By Rog Wood, Herald Scotland
The British Veterinary Association (BVA) and Federation of Veterinarians of Europe (FVE) have successfully seen off an attempt by MEPs to restrict the ability of vets to sell veterinary medicines directly to farmers and other animal owners.
Ahead of yesterday’s debate in the Agriculture and Rural Development (AGRI) committee on the European Parliament resolution regarding antimicrobial resistance, a cross-party amendment was tabled that “Invites the member States to consider restricting veterinarians from, in non-acute cases, selling veterinary medicines directly to farmers and other animal owners, thus reducing the incentive to prescribe more antimicrobials than needed.”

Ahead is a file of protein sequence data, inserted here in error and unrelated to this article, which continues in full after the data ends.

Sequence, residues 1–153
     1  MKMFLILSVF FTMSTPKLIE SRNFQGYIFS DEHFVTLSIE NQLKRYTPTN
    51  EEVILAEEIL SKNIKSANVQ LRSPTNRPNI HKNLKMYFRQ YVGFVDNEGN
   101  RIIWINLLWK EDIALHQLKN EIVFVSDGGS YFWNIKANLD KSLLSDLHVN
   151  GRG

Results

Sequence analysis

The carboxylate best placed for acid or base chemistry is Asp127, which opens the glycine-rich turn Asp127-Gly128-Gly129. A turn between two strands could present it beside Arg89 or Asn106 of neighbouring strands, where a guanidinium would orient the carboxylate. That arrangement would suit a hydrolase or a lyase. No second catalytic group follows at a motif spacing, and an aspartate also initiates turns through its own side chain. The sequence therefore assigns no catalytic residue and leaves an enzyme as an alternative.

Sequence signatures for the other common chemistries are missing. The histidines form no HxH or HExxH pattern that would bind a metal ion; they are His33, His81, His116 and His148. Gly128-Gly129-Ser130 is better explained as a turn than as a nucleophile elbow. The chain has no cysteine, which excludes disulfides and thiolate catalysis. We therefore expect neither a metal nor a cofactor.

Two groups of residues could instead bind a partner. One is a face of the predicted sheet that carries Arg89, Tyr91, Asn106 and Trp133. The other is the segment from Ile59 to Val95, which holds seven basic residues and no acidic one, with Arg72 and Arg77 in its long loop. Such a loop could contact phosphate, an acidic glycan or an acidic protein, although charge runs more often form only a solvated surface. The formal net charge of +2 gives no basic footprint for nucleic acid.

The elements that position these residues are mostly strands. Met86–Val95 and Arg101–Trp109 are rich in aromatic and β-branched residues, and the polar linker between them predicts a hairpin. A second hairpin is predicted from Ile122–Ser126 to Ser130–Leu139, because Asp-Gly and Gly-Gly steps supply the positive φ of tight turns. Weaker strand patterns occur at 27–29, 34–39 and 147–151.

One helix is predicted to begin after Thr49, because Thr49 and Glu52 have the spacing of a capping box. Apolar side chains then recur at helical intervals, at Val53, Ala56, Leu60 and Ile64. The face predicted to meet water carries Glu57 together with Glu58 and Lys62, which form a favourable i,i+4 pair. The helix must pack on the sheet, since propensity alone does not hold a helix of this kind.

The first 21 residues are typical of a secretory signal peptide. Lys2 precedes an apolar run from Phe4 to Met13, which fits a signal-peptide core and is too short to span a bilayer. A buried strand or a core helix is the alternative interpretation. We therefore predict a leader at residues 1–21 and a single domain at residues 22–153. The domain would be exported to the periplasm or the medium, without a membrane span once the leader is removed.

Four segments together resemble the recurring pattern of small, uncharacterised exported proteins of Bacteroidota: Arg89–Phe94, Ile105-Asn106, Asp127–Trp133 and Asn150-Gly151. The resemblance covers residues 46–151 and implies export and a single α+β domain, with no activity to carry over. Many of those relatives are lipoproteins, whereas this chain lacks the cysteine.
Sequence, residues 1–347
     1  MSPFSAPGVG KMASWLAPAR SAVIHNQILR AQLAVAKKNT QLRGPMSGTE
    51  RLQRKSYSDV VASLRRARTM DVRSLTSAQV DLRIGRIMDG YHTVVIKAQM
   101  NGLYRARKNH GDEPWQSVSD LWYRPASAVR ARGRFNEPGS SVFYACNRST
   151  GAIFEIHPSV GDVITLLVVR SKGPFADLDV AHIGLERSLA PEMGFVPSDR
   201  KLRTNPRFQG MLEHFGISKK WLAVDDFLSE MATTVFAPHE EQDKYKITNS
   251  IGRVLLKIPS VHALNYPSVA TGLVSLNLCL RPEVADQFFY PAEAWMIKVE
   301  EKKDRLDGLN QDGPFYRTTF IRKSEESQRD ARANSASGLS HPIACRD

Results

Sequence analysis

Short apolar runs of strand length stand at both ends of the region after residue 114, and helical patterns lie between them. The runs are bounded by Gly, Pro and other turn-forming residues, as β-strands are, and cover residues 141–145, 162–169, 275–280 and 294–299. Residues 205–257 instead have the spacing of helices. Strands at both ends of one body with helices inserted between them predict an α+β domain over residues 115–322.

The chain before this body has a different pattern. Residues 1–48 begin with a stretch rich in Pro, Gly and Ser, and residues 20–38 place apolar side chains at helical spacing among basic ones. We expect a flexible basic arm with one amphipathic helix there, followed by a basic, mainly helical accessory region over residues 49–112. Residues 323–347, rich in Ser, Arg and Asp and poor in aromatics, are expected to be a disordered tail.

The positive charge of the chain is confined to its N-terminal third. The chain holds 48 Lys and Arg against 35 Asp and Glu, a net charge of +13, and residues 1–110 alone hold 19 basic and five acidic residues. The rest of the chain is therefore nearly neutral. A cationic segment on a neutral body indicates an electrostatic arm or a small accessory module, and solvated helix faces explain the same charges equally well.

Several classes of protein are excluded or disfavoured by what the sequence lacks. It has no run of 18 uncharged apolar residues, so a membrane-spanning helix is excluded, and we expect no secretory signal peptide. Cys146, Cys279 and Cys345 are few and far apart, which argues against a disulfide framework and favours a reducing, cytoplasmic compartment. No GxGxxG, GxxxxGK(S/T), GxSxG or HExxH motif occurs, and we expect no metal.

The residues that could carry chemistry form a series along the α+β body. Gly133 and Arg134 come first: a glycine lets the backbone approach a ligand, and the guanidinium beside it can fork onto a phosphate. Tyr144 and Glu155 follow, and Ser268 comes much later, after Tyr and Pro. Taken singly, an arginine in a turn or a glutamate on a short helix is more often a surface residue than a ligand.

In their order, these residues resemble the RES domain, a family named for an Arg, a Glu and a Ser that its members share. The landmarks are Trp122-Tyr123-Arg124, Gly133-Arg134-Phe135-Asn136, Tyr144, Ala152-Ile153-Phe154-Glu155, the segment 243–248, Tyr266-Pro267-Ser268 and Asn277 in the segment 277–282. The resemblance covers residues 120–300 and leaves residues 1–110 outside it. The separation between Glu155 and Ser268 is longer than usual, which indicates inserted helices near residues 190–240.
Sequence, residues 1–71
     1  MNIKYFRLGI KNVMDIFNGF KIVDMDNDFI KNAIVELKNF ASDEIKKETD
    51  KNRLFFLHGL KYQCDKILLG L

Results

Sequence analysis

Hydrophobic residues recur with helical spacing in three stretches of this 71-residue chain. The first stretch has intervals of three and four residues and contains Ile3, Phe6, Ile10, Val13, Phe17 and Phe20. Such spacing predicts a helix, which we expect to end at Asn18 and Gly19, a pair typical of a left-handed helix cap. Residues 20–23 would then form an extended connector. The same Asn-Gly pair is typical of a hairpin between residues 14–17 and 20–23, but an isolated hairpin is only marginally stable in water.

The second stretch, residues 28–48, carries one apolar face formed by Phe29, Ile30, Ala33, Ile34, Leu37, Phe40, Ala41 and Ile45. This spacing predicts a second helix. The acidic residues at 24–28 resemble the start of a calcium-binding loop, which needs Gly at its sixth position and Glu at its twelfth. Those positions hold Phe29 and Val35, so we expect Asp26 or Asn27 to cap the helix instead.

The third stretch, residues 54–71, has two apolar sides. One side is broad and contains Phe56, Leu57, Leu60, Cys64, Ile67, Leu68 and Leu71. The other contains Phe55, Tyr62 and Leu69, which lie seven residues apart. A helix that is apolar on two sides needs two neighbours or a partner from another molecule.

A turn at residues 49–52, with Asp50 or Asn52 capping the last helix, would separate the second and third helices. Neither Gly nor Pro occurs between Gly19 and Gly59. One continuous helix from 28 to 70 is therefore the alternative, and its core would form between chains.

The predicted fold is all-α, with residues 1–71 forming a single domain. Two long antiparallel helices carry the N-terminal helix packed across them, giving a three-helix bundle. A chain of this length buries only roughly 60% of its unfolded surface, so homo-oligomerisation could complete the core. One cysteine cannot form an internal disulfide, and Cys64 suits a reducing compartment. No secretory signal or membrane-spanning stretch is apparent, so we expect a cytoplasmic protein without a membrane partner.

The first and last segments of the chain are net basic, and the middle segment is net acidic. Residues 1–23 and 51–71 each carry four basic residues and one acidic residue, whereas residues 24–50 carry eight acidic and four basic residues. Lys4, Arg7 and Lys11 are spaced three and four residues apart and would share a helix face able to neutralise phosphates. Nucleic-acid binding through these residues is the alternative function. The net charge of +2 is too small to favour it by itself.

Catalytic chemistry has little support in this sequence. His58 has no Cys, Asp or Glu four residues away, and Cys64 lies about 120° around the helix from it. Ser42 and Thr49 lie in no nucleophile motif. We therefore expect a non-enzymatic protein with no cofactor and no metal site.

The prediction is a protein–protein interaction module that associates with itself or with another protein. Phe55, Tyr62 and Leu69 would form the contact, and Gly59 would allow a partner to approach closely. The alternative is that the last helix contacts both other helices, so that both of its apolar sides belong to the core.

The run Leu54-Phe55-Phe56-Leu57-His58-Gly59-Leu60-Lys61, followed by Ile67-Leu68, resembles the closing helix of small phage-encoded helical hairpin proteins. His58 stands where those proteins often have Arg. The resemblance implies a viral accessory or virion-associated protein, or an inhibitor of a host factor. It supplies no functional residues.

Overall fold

That prompted a co-ordinated lobby by the vets’ organisations to counter the move. They successfully argued that the available evidence shows that restricting vets from selling medicines would not lead to a decrease in the use or sale of antimicrobials. They also pointed out that the ability of vets to prescribe and dispense medicines is already well regulated in the UK.
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